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Great expectations: Reservation wages and minimum wage reform

by Alexandra Fedorets (DIW, Berlin) and Cortnie Shupe (University of Copenhagen)

"Minimum wage laws increase the reservation wages of low-wage workers, but only for a limited time."

Labor market models with search frictions predict that minimum wages may induce positive employment effects if they encourage more workers to join the labor force. A wage floor can increase the number of people whose reservation wage (the threshold at which a potential worker is willing to accept a job offer) falls below the available market wage. Such a supply-side reaction could increase the quality of employment matches and the probability of filling vacancies in low-wage sectors. Yet, this supply-side effect can only mitigate potential employment losses if reservation wages are static. If reservation wages instead react to minimum wages by adjusting upward, non-employed job seekers do not necessarily increase their search intensity and, thus, this supply channel for possible positive employment effects would prove muted at best.

Despite an extensive literature examining wage and employment effects of workers, to date, very little evidence exists on the impact of minimum wages on the reservation wages of non-employed job seekers. This gap exists due to a lack of information about individual acceptance thresholds. One prominent exception is Falk et al (2006), who conduct a lab-based experiment and find a positive and significant impact of minimum wages on reservation wages. To our knowledge, the present paper is the first study using quasi-experimental methods to empirically identify the causal effect of a minimum wage reform on reservation wages of non-employed job seekers in a real-world setting.

We rely on data from the German Socio-Economic Panel (SOEP), one of the few nationally representative surveys worldwide that ask non-employed respondents about their reservation wages. We employ a difference-in-differences strategy using variation in exposure to the reform across regions and time to pin down the causal effect of interest. In particular, we use the fact that the share of workers exposed to minimum wages differs across regions, which is why regional labor markets, where non-workers reside, are also differentially exposed to the reform. Thus, we compare reservation wages of individuals facing different levels of exposure before (2013-2014) and after the reform (2015-2017).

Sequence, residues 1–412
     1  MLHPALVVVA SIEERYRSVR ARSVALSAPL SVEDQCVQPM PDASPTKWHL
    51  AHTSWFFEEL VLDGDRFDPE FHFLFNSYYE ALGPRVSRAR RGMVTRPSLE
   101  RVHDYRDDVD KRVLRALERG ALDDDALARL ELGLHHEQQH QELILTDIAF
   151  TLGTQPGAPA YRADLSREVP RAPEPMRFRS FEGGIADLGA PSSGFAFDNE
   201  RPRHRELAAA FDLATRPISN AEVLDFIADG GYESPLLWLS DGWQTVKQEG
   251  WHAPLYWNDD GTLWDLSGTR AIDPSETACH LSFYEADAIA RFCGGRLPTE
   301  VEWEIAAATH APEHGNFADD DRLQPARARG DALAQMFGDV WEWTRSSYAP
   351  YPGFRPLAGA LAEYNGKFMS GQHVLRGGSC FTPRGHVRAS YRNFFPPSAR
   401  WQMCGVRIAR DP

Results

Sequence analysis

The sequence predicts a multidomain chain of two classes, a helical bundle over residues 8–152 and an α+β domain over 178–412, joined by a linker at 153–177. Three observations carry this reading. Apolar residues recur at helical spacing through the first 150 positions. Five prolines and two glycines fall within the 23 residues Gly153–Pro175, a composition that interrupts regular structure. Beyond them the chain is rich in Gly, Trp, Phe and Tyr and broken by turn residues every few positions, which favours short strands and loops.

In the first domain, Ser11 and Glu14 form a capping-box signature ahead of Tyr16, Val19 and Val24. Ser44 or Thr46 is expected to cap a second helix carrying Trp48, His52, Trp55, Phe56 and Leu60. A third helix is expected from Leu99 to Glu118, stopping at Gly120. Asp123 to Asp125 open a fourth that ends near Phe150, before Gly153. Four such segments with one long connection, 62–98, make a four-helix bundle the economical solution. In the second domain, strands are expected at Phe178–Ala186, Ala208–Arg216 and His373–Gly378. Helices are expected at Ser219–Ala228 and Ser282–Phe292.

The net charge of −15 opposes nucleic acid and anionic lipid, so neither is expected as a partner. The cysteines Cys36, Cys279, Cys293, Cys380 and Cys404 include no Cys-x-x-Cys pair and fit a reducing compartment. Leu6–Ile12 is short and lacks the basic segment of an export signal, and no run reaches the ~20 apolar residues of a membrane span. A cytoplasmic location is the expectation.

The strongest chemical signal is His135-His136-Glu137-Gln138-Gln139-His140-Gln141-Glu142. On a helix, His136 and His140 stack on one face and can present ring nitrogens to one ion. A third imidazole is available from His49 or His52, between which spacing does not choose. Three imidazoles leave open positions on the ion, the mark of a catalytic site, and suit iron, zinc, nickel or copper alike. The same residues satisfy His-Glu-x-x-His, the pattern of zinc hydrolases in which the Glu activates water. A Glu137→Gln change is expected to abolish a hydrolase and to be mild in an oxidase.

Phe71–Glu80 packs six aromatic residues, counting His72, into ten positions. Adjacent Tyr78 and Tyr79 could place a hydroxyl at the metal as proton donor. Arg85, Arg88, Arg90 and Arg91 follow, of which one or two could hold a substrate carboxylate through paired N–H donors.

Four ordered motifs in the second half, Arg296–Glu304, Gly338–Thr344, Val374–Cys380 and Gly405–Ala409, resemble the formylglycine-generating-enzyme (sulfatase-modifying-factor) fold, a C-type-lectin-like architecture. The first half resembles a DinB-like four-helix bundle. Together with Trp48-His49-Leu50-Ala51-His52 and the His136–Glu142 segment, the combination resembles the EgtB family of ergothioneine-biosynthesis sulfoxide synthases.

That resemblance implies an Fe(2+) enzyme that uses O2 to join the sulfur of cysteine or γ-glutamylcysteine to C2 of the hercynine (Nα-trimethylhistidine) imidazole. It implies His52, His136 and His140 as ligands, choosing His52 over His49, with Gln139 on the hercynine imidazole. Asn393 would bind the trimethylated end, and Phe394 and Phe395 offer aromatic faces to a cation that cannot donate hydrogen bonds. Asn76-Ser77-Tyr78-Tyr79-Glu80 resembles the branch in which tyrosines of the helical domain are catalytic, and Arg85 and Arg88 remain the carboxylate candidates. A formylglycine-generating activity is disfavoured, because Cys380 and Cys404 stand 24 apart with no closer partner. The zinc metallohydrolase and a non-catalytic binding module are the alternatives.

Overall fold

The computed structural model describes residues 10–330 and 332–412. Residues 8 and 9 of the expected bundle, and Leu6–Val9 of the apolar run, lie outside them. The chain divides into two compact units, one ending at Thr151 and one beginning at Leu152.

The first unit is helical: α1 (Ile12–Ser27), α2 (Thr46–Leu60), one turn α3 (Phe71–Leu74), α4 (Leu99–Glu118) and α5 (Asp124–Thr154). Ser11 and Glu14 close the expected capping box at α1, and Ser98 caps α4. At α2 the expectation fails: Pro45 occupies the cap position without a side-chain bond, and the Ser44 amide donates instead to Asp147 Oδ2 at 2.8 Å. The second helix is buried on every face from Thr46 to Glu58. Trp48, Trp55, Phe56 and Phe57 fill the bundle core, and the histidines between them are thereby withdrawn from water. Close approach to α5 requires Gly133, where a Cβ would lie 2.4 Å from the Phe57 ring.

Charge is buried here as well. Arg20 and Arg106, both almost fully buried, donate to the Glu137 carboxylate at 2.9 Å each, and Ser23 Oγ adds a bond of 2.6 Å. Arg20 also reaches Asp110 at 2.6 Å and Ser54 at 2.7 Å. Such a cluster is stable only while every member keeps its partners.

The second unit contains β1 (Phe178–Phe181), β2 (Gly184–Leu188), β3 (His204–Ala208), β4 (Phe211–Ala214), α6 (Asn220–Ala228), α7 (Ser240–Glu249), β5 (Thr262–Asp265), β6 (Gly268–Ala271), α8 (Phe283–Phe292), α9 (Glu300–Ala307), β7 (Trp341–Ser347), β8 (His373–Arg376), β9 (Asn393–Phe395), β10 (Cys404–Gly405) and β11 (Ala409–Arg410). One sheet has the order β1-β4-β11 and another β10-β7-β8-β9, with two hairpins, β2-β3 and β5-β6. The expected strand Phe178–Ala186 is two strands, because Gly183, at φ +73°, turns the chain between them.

Our findings offer novel insights about the relationship between minimum wages and reservation wages. Firstly, wage acceptance thresholds increase only at the bottom of the reservation wage distribution, among workers likely to transition into jobs bound by the minimum wage. Specifically, acceptance thresholds rise by roughly 16 percent at the bottom 10th percentile, i.e. the bottom 10 percent of individuals in terms of hourly reservation wages in our sample, and between 9-15 percent at the 20th percentile of reservation wages during the first two years after the introduction. Higher percentiles do not exhibit any change in wage acceptance thresholds. Secondly, this increase does not persist indefinitely and, by the third year following implementation, becomes indistinguishable from zero. This behavior is suggestive of learning on the job market. Indeed, we can show that, after the introduction of the minimum wage, an increase in reservation wages in the lowest quartile of the distribution decreases the job finding probability for these job seekers.

This insight is based on the following article:

Fedorets, A., & Shupe, C. (2021). Great expectations: Reservation wages and minimum wage reform. Journal of Economic Behavior & Organization, 183, 397-419.

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